In the past few days Kellie-Jay Keen-Minshull, also known as Posie Parker, has dominated headlines on both sides of the ditch.
The British activist widely labelled as anti-transgender and self-described as a women’s rights activist, rose to infamy in 2018 when it was reported she was questioned by police over alleged comments she made about Susie Green, the chief executive of Mermaids - an advocacy organisation for trans youth - and her daughter who transitioned.
Some of the alleged comments, according to the Christian Post, included tweets misgendering Green’s daughter and referencing “castration” about her transition.
The same year Women’s Place UK, an anti-gender self-identification group, distanced itself from Keen-Minshull by withdrawing a meeting she was due to speak at, after she wrote a series of tweets containing anti-Muslim sentiment.
Some of the posts referenced the suburb of Bradford, and claims that the culture was “not British”, and an “awful place for women”.
In 2019 Pink News reported the then US national press secretary for LGBT+ organisation Human Rights Campaign, Sarah McBride, was harassed and misgendered while at a meeting in Washington, DC, by Keen-Minshull.
The outlet said she told McBride to “tell the entire LGB community how much you hate lesbians”.
Keen-Minshull, who has spoken about being a wife and a mother of four, has since risen to be a key figure in the movement against the UK’s Gender Recognition Act and has led rallies on both sides of the Atlantic.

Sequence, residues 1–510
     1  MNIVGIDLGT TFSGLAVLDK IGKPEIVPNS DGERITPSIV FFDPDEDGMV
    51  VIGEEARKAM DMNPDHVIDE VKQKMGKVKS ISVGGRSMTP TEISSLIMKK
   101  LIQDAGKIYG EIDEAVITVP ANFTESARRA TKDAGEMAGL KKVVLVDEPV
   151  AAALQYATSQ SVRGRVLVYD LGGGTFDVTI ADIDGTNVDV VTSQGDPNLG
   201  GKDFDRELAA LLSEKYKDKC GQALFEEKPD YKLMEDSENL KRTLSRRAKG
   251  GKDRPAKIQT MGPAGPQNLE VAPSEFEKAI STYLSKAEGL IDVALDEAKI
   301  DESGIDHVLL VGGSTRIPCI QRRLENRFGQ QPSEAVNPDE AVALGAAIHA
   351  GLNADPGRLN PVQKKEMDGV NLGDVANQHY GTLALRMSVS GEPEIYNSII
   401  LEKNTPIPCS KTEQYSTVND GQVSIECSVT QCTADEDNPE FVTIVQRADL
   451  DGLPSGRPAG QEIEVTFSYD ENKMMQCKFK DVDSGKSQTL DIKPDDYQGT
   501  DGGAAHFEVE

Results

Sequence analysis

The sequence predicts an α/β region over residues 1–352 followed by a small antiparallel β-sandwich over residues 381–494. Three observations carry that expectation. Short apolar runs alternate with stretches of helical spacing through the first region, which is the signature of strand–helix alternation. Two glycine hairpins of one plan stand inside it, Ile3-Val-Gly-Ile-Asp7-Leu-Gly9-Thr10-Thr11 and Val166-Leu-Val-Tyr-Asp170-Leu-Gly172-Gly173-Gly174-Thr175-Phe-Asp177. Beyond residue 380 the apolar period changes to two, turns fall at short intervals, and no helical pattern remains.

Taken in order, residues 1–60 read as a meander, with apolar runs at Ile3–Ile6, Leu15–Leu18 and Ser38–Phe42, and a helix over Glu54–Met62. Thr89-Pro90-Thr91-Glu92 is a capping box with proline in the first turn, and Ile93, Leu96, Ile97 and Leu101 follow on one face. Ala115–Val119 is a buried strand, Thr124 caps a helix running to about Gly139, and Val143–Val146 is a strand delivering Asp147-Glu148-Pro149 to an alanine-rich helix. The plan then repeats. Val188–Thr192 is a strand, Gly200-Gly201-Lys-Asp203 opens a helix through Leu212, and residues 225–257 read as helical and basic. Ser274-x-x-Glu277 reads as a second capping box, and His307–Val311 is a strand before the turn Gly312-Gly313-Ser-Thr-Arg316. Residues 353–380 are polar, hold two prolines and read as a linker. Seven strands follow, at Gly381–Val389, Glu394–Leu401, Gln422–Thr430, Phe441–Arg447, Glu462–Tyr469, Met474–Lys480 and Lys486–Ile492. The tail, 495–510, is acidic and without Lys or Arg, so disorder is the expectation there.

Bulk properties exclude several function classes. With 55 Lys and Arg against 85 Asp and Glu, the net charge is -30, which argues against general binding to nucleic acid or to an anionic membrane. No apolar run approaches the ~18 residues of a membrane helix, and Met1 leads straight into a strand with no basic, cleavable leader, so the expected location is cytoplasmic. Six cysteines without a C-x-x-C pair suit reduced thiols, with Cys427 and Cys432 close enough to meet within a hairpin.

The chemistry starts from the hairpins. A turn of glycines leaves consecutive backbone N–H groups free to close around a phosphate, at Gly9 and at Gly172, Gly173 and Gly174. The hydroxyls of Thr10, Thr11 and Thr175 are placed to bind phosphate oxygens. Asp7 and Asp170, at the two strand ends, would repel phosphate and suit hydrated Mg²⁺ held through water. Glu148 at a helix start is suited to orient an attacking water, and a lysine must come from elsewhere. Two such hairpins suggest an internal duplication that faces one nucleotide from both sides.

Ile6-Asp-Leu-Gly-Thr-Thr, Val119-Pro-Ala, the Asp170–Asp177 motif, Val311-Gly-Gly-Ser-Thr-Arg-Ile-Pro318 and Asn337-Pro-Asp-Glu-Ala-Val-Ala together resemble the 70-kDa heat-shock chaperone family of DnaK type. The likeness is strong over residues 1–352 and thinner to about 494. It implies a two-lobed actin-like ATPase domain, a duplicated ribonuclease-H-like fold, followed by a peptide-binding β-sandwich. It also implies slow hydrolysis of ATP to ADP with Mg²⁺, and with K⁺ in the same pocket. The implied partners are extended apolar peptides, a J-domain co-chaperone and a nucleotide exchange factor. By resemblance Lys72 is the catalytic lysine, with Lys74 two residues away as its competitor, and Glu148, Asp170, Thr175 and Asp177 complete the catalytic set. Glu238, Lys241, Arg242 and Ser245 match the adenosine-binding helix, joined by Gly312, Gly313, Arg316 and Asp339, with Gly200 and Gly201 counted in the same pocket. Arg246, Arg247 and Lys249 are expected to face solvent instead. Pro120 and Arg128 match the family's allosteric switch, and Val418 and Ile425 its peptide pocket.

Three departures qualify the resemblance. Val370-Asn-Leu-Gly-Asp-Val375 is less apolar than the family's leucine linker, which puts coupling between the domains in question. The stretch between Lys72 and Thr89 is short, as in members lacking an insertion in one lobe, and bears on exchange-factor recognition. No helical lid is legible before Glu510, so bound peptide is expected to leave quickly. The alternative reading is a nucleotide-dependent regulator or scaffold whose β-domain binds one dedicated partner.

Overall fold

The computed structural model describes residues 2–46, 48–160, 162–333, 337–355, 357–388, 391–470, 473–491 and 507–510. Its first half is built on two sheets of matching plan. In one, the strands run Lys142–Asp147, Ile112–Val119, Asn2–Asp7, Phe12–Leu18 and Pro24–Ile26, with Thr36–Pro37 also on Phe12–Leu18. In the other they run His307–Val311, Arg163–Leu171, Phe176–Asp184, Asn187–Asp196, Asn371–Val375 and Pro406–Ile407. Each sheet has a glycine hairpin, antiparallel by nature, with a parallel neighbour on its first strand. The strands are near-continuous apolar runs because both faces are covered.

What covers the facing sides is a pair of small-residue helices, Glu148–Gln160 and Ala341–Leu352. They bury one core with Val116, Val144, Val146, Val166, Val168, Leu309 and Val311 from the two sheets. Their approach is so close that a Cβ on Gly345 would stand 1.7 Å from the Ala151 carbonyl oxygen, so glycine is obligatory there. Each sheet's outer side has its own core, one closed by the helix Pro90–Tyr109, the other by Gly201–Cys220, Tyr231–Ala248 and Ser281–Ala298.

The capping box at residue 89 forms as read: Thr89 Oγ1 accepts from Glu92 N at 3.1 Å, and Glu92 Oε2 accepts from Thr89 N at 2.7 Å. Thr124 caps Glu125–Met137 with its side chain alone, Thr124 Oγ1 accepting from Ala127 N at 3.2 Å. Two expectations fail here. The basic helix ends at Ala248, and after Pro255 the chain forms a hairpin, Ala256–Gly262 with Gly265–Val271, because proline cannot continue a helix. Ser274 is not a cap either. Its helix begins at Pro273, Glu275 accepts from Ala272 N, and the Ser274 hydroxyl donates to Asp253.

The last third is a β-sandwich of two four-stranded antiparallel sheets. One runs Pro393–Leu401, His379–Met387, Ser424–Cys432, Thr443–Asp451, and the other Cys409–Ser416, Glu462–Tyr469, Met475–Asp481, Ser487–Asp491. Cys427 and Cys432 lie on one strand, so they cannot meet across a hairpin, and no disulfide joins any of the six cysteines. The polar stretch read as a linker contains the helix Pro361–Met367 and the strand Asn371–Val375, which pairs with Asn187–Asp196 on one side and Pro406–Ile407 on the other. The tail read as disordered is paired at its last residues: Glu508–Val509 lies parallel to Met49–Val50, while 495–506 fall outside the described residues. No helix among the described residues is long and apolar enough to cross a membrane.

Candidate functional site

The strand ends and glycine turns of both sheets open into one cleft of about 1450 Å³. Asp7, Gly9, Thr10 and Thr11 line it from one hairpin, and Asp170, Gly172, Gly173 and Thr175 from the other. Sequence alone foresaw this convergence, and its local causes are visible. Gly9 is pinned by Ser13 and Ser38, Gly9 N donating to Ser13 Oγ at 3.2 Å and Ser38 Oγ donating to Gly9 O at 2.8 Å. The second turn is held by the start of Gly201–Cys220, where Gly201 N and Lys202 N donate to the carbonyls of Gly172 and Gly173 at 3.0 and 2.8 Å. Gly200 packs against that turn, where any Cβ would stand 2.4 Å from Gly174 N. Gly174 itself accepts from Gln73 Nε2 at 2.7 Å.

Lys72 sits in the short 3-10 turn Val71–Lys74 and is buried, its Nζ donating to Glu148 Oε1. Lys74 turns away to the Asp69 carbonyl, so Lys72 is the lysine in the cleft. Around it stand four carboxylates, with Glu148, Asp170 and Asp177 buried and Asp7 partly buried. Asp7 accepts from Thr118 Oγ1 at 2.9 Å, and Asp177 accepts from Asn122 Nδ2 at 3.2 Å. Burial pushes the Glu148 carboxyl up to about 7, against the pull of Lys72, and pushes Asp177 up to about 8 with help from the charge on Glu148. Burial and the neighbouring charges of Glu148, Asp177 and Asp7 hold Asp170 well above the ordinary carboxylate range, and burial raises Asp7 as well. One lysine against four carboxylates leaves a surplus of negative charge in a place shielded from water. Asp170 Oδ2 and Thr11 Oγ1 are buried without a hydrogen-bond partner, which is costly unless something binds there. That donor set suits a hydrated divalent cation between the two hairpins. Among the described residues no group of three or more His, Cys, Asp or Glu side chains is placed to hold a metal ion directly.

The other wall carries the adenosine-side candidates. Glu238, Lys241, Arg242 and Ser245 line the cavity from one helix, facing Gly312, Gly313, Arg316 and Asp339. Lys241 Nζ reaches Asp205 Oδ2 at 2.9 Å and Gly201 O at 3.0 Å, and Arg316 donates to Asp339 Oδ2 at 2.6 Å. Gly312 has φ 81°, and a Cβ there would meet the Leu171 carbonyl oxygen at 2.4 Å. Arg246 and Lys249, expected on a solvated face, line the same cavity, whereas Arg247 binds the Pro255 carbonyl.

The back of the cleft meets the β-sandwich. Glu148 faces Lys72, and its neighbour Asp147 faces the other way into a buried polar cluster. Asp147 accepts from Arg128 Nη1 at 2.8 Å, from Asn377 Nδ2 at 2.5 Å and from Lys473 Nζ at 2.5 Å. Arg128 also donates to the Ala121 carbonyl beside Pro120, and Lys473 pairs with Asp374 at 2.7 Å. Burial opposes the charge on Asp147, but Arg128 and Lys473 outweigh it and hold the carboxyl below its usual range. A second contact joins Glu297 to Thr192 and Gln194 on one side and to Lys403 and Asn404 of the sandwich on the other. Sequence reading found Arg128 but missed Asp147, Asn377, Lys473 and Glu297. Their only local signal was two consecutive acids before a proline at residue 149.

In March last year she appeared on controversial right-wing Fox host Tucker Carlson’s show to speak about an incident where she called trans US swimmer Leah Thomas, “not a woman”.
“I’m not a vet, but I know what a dog is,” she said in a poolside clip.
Speaking to Carlson, she said it was “her duty” to say it and people had been “brainwashed”.
“The only people that are able to be called a woman are actually men.”
More recently, Pink News reported in January a woman speaking at a rally organised as part of Keen-Minshull’s Let Women Speak tour shared a quote from Adolf Hitler in a speech against trans rights.
A video seen by the Herald shows the woman describing the “big lie”, saying it was first described in Hitler’s Mein Kampf and then claiming the “big lie” was that trans women were women.
Last week Keen-Minshull drew protests in Perth and Melbourne, with some people at the events seen giving Nazi salutes and shouting slurs at counter-protesters.
In light of the weekend’s events Immigration NZ general manager Richard Owen told the Herald the agency was now reviewing whether the woman should still be able to travel to New Zealand without a visa.
Wellington mayor Tory Whanau told the Herald Keen-Minshull’s views are strongly condemned and unwelcome in Wellington.
Whanau said although she cannot ban Keen-Minshull from speaking, she will support a counter-protest against her.
“Wellington is known as a diverse community that celebrates its rainbow and trans whānau,” she said.
“Her views are certainly not welcome.
“These views are dangerous and harmful for our community, and I am worried people are being so open about hating part of our community.
“We know with our trans whānau there is quite a high suicide rate and that’s because they are made to feel less than human – views that will be heard this weekend contribute to that.
“It is grotesque and disappointing that it’s here in our city.”